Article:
What would have been shown, especially with the musical samples, if participants had not been given the 4 emotions to choose from, but had to pick their own label? How would the autistic individuals have compared to the control group? Would this have gotten ride of any pre-conceived cultural notions, such as equating major-mode and fast music with “happiness”?
How would cultural pre-conceptions have affected the emotion recognition in autism? Are we taught to hear music a certain way? Can emotion recognition in music be learned in the same way that an autistic individual learns what a smile means?

Monday, November 30, 2009

How what we see affects what we hear: Visual perception of music performance

Reference: Thompson, W. F., Graham, P., and Russo, F. A. (2005) “Seeing music performance: Visual influences on perception and experience”, Semiotica 156: 177-201.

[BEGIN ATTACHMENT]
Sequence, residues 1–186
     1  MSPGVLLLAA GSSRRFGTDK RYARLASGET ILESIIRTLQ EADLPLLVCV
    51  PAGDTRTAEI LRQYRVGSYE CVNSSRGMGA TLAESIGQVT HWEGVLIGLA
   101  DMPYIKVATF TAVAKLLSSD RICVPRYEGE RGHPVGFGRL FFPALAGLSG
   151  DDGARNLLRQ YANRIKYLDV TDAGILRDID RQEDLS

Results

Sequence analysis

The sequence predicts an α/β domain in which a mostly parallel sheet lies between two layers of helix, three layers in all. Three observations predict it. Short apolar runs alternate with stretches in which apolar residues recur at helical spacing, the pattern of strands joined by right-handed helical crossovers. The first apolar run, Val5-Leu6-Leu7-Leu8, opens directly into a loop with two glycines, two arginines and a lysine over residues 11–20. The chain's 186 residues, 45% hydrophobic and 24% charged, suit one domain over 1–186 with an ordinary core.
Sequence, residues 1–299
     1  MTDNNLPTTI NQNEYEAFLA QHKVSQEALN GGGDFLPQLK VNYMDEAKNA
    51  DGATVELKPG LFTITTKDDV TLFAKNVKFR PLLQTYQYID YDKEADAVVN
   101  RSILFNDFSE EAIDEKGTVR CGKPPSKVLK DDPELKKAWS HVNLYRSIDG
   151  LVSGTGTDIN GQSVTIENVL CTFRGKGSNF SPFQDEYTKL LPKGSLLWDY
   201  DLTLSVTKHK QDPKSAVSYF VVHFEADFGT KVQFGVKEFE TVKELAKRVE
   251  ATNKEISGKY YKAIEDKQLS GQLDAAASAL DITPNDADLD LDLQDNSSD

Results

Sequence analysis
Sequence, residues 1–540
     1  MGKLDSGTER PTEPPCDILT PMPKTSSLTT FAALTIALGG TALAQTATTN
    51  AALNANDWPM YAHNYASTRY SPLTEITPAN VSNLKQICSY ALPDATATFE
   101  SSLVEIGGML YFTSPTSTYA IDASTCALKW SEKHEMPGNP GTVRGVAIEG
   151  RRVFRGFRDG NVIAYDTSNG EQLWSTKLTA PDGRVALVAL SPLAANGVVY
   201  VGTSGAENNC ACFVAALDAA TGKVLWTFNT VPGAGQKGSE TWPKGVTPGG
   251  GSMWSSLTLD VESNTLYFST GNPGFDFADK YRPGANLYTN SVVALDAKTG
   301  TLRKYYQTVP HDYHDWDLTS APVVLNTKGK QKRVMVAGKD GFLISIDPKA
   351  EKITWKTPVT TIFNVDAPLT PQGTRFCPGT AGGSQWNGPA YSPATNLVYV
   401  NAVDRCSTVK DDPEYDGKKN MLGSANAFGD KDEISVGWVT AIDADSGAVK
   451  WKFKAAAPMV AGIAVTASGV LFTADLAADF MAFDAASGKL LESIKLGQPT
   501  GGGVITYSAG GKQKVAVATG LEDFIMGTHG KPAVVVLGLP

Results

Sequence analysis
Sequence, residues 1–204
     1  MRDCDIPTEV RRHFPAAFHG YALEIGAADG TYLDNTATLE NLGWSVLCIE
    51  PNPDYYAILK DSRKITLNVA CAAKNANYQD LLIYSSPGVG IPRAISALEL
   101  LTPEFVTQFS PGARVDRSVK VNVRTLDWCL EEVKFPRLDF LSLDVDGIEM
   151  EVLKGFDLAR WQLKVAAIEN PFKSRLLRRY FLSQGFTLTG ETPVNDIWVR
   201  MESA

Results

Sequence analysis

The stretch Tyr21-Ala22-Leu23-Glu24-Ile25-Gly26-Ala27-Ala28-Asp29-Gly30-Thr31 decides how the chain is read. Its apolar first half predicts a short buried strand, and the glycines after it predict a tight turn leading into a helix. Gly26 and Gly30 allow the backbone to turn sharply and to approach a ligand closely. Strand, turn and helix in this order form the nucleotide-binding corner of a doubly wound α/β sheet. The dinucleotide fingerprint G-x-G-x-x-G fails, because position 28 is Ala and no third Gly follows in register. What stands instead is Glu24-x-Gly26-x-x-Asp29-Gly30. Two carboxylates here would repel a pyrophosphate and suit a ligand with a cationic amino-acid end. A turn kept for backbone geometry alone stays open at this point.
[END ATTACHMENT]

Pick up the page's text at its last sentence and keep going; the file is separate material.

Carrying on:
This long and detailed article addresses a very important and interesting aspect of music performance-its visual dimensions. It discusses the extent to which these aspects contribute to the communication between performer and a listener. The authors maintain that there are several levels at which facial expressions and gestures might affect our perception of music. First, there is basic level at which listeners’ attention is directed to critical acoustic information at a certain moment of time. The authors argue that such cues can increase musical intelligibility. They draw an analogy referring to the face of a speaker, that when seen may increase the intelligibility of speech in a noisy environment. Then there is a perceptual level, at which visual cues are given to the listener to indicate important melodic, harmonic, and rhythmic events. The authors suggest that at this level, facial expressions and gestures are intentionally introduced by performers as a way of sharing with listeners their understanding of the significance of such events, as well as emphasizing the musical activity as a shared experience between performer and listener. Finally, the authors observe that visual information is “highly effective at conveying persona and attitude” (p. 204), arguing that facial expressions and other bodily gestures help performer to personalize the music, creating the feeling of reciprocal human interaction during the performance. Next, the authors discuss a variety of different media technologies, which can be used to experience music performance, and argue that each technological medium provides listener with different experience. They put forward a concept of music as “multimedially performed and multimodally experienced” (p. 205), and present empirical findings that appear to support this model. Two case studies are presented in order to discuss the relationship between visual and aural aspects of performance. The authors thoroughly examine the use of facial expression, body movement, and gesture in two filmed performances, one of B. B. King (playing Blues Boys Tune), and another by Judy Garland (singing Just in Time). Interestingly, the analysis of these samples is based on structured interviews by a trained musicologist of two other musicologists. The authors observe that the wide range of potential effects that visual information can have on our perception of music suggests the necessity of further and more systematic research in this area. Accordingly, they designed five experiments to assess visual influences on two types of musical judgments. In three experiments, they investigated visual influences on structural interpretations of music and in two experiments - visual influences on emotional interpretations of music. The experiments confirmed that visual characteristics of performance influence music experience at a perceptual and an emotional level. In conclusion, the authors observe that, during performance, listeners incorporate visual and aural aspects to form an integrated audio-visual mental representation of music.